I think sometimes we lose track of just how much there is to know in our industry when attempting to design a new business solution. For a moment, let’s put aside all of the business information that is, in and of itself, overwhelmingly complex.
We have architecture options for the user interface of an application, for the business logic, and for database connectivity. There are options for abstraction, encapsulation, inheritance (multiple, singular, and interfaces), and coupling. Architects have to select the appropriate solutions for synchronous or asynchronous connectivity, for batch or real-time.
And the list goes on. In my company we maintain an Architecture Body of Knowledge, which is affectionately referred to as the Architecture wiki. It contains all of the detail, all the guts of our architecture organized using the Zachman Organizational Model for Enterprise Architecture. It represents our reference architectures, our dictionary, our goto (can I use that term?) for all things architecture.
But the Wiki can be, in a word, overwhelming. We have about 300 individuals in the organization that need to reference our Architecture Body of Knowledge. Over the course of a year, this wiki sees about 45,000 hits. Do the math and you find that this repository is being referenced all the time. The numbers indicate that it is a valued resource, which is being referenced again and again.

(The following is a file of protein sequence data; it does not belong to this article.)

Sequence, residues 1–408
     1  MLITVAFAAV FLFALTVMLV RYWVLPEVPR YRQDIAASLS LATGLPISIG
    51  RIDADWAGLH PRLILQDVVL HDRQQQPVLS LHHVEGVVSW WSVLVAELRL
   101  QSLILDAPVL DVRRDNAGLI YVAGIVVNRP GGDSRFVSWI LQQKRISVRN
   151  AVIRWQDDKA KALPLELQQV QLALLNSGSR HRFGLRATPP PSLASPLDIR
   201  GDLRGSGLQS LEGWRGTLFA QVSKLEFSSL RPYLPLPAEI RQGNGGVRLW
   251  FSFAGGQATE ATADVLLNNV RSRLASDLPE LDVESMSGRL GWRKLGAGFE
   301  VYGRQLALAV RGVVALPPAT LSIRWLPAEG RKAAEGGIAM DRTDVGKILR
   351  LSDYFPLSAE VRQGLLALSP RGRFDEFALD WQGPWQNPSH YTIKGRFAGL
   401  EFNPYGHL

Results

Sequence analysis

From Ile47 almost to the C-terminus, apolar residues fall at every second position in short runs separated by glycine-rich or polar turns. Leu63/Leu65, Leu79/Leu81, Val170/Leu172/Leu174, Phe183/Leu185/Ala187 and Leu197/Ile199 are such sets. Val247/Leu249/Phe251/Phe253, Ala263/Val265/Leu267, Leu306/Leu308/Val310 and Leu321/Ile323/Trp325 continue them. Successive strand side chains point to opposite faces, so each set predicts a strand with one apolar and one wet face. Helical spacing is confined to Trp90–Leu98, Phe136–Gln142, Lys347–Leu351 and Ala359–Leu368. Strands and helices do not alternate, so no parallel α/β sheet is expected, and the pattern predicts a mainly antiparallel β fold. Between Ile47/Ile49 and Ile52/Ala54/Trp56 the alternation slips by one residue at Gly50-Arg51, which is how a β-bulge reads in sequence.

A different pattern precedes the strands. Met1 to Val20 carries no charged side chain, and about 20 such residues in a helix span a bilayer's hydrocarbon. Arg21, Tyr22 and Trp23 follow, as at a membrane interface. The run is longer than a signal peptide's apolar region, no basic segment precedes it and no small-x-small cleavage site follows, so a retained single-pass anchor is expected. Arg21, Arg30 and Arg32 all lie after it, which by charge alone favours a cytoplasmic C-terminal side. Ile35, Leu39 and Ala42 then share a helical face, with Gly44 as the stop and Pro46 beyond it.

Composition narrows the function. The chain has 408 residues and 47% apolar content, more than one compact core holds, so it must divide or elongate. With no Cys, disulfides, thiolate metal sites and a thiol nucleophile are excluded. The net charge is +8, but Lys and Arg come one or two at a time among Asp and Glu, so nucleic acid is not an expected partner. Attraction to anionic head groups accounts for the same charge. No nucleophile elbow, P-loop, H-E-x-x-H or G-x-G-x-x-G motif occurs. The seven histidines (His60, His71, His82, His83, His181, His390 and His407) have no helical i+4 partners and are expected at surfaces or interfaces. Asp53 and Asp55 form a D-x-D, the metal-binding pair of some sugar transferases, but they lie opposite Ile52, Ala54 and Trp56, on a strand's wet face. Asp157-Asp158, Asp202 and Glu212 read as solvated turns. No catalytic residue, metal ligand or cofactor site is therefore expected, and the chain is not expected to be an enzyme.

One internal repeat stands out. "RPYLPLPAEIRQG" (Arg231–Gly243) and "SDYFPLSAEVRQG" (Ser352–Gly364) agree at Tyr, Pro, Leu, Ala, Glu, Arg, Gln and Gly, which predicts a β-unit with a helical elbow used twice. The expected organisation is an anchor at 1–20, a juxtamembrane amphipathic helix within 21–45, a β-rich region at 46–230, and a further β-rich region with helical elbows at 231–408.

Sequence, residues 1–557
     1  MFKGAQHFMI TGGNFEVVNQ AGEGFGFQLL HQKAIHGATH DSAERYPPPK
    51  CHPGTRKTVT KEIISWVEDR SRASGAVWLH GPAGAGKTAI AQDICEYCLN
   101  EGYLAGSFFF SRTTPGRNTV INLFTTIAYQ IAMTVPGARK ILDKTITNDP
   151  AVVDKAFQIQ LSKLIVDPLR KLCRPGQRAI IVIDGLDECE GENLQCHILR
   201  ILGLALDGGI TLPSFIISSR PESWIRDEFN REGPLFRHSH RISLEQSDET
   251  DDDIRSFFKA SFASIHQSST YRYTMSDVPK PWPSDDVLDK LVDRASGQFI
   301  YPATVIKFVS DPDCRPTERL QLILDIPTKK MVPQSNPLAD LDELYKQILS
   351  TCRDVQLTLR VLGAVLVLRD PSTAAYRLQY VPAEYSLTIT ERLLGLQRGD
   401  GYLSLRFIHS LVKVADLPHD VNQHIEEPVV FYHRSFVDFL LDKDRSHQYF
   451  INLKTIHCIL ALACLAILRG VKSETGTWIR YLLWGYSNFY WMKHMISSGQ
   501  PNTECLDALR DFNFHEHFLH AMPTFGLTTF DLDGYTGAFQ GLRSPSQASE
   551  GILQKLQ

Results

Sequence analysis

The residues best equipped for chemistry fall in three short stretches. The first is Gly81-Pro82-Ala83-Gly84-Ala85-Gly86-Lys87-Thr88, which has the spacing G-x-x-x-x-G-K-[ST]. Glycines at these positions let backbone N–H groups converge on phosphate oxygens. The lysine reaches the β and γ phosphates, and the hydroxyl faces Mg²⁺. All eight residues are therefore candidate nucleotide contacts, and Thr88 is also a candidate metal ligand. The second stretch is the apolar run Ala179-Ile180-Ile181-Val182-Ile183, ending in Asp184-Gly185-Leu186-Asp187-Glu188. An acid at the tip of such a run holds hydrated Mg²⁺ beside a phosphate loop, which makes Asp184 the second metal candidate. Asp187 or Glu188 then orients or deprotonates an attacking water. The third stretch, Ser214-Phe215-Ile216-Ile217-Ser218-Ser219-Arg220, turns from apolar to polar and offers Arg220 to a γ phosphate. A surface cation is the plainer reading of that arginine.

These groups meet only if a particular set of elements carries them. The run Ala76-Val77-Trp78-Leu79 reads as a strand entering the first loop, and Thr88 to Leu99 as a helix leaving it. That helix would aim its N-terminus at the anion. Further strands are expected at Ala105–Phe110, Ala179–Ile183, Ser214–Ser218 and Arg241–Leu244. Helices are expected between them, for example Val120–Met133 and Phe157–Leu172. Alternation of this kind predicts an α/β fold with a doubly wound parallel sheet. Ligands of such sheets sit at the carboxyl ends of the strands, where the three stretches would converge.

Imaging trying to learn the English language by reading the dictionary. All the words are there, as are rules for grammar, examples of sentence structure, phonetics, spelling, and punctuation. Still, no one would think of using a dictionary as a tool for learning the basics.
We have a Top Ten list for internally developed applications, for mainframe applications, for application security, and other architectural areas that could otherwise be tough to navigate and understand. Now here’s a little secret - we actually developed the Top Ten lists BEFORE delving into the guts of the wiki to flush out all of the architectural details. We did this because our (your) architecture standards must be usable - and by that I don’t mean that they must be correct, I mean that standards must be understandable by the using community.
If you don’t yet have an architecture repository, or you have one that isn’t generating the activity you’d like, think about how easily your user community (a.k.a. the architects) can comprehend your positions, practices, and policies. A Top Ten list is a great addition.